Assessing the Lower Extremities in the Geriatric Patient

Mark E. Williams, MD


November 08, 2010

In This Article

Assessment of Other Lower Extremity Conditions in the Geriatric Patient

Leg Fracture

Palpate over the greater trochanter. Pain suggests fracture if other signs are present. (Otherwise consider trochanteric bursitis or possible referred pain from the knee.) Laxity on palpation of the fascia lata, which connects the greater trochanter to the iliac crest, suggests femoral neck fracture (Allis' sign). Swelling along the inguinal ligament in a femoral neck fracture is called Laugier's sign. A transverse crease superior to the patella suggests a femoral fracture (Cleemann's sign). Ecchymosis and swelling along the inguinal ligament and inability to raise the thigh when the patient is sitting suggest fracture of the greater trochanter (Ludloff's sign). Limitation in the normal range of motion in the circular arc of the hip suggests proximal femoral fracture (Desault's sign). Relaxation of the extensor muscles of the thigh with intrascapular femoral fracture is called Langoria's sign. Increased diameter of the leg at the level of the malleoli suggests fibular fracture (Keen's sign of Pott's fracture).

Ankle Injury

Check landmarks for anatomic abnormality.

Ecchymoses and/or swelling. Ecchymosis under both malleoli with a broad-appearing heel suggests a calcaneal fracture. Ecchymosis and focal swelling over the fifth metatarsal suggest fracture of the proximal fifth metatarsal bone (Jones fracture). Swelling and tenderness over the lateral malleolus suggest a lateral sprain if anterior and inferior and a peroneal retinaculum sprain if on the posterior rim. Swelling and tenderness over the medial malleolus suggest a medial sprain, syndesmotic sprain, or tibialis tendonitis if posterior to the medial malleolus.

The talar tilt test. The talar tilt test is used to examine the integrity of the calcaneofibular or the deltoid ligament. Passively invert the foot and compare it with the opposite side. A > 10° difference implies a second- or third-degree lateral ankle sprain. The talus will tilt if both the talofibular and calcaneofibular ligaments are ruptured, but not with only 1 ruptured ligament (talar tilt sign).

Check for anterior movement of the calcaneus over the distal tibia. A firm endpoint and 4 mm of movement or less suggest a first-degree lateral sprain. Sensing a boggy endpoint and > 4 mm movement suggest a second-degree lateral sprain. Greater than 4 mm of movement and no endpoint suggest a third-degree lateral sprain.

Squeeze the malleoli together. Increased pain produced by squeezing the malleoli together suggests a syndesmotic sprain.

Externally rotate foot at the ankle. Increased pain produced by externally rotating the foot at the ankle suggests syndesmotic sprain.


Acute radicular low back pain (sciatica) radiates or shoots down 1 leg. The discomfort is often characterized as sharp, tingling, shooting, or "electrical" and may be exacerbated by coughing, straining, sneezing, or Valsalva maneuvers. It may occur in several ways, depending on the nerve roots affected. The pattern of weakness (if present) in the lower extremity is an important clue to the site of the neurologic dysfunction. Significant unilateral thigh and leg weakness suggests involvement by multiple nerve roots or peripheral nerves, although most peripheral nerve processes are not usually associated with back pain.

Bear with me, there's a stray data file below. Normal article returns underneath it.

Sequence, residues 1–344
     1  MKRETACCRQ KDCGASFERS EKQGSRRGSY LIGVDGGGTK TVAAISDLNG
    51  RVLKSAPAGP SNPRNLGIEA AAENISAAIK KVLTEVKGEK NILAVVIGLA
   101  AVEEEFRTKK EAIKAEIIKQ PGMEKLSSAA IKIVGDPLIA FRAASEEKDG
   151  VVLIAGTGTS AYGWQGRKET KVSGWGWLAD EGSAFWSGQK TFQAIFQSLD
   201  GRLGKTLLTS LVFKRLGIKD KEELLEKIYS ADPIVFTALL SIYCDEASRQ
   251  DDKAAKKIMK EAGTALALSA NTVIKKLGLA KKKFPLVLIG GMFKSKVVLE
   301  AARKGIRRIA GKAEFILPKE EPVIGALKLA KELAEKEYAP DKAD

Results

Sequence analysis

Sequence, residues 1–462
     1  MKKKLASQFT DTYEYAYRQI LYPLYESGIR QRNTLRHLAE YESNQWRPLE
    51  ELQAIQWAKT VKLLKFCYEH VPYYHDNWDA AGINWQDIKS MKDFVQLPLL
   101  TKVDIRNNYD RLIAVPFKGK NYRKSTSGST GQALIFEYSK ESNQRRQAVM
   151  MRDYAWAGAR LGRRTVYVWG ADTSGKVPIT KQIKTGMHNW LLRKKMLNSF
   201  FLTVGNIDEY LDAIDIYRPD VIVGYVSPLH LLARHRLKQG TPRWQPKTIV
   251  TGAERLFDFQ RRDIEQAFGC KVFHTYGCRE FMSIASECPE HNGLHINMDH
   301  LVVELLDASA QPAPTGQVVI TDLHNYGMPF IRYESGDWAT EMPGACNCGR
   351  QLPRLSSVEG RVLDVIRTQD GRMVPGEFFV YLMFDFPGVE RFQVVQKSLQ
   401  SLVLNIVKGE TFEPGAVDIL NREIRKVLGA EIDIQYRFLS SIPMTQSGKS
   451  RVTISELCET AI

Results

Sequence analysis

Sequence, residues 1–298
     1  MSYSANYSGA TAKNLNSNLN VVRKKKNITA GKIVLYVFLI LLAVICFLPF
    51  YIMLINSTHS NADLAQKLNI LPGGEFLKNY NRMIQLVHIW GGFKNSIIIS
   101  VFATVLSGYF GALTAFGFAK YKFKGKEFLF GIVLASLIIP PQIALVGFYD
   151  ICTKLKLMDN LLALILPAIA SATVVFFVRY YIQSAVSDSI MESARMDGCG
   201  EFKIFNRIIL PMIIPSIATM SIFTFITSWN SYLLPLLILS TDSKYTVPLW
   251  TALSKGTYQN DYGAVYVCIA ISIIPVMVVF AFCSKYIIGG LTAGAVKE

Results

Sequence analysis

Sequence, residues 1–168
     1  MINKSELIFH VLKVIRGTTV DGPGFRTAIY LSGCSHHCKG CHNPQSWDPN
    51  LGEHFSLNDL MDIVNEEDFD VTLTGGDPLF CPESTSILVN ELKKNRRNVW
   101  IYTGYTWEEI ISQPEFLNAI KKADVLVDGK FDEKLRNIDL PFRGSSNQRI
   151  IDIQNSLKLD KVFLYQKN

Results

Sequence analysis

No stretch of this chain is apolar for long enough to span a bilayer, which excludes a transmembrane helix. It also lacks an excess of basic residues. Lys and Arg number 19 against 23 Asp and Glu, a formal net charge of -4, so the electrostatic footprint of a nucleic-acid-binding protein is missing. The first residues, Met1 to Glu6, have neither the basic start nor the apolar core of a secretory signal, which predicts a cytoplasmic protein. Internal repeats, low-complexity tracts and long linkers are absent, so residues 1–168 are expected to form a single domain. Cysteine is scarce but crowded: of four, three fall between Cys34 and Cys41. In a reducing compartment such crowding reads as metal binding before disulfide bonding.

To differentiate sciatica from a hamstring injury, have the patient flex the hip with the leg straight until it feels painful and then have the patient dorsiflex the foot. A hamstring pull will not be painful, whereas with sciatica the pain will increase (Bragard's leg sign).

Other signs of sciatica include the following:

  • Pain on the contralateral side when the nonpainful side is flexed at the thigh and the leg is held in extension (Fajersztajn's sign);

  • Loss of sensation on the lateral portion of the foot (Szabo's sign);

  • Pain on straight leg raise that is relieved with leg flexion (Lasegue's sign);

  • Pain on adduction of the thigh (Bonnet's sign);

  • Pain in the buttocks when the great toe is hyperextended (Turyn's sign); and

  • Pain in the lower back or down the leg when the patient is supine (Linder's sign).

Signs of Endocrine or Metabolic Disorders

Symptoms in the legs can often indicate endocrine or metabolic disorders. Check for the following:

  • Cramping of the calves can be an early sign of diabetes mellitus (Unschuld's sign).

  • Difficulty walking up stairs or rising from a chair secondary to proximal muscle weakness suggests hyperthyroidism (Plummer's sign).

  • Leg weakness, pain on gently squeezing the calves, decreased knee-jerk reflexes, and anesthesia over the anterior thigh suggest Beriberi (Vedder's sign).

  • Hypocalcemia can be suggested when thigh flexion produces knee spasm and calf spasm (Pool-Schlesinger sign). Eversion of the foot when tapping over the peroneal nerve also suggests hypocalcemia (peroneal sign). Note: This is the author's favorite method to determine hypocalcemia because it seems to be the first to appear and last to disappear.

  • Tenderness to percussion over the tibia suggests chlorosis (Golonbov's sign).

  • Exquisite pain of the great toe when touching the fifth toe joint suggests gout (Plotz's sign).

  • Loss of hair on the posterior surface of the legs suggests gout (Tommasi's sign).


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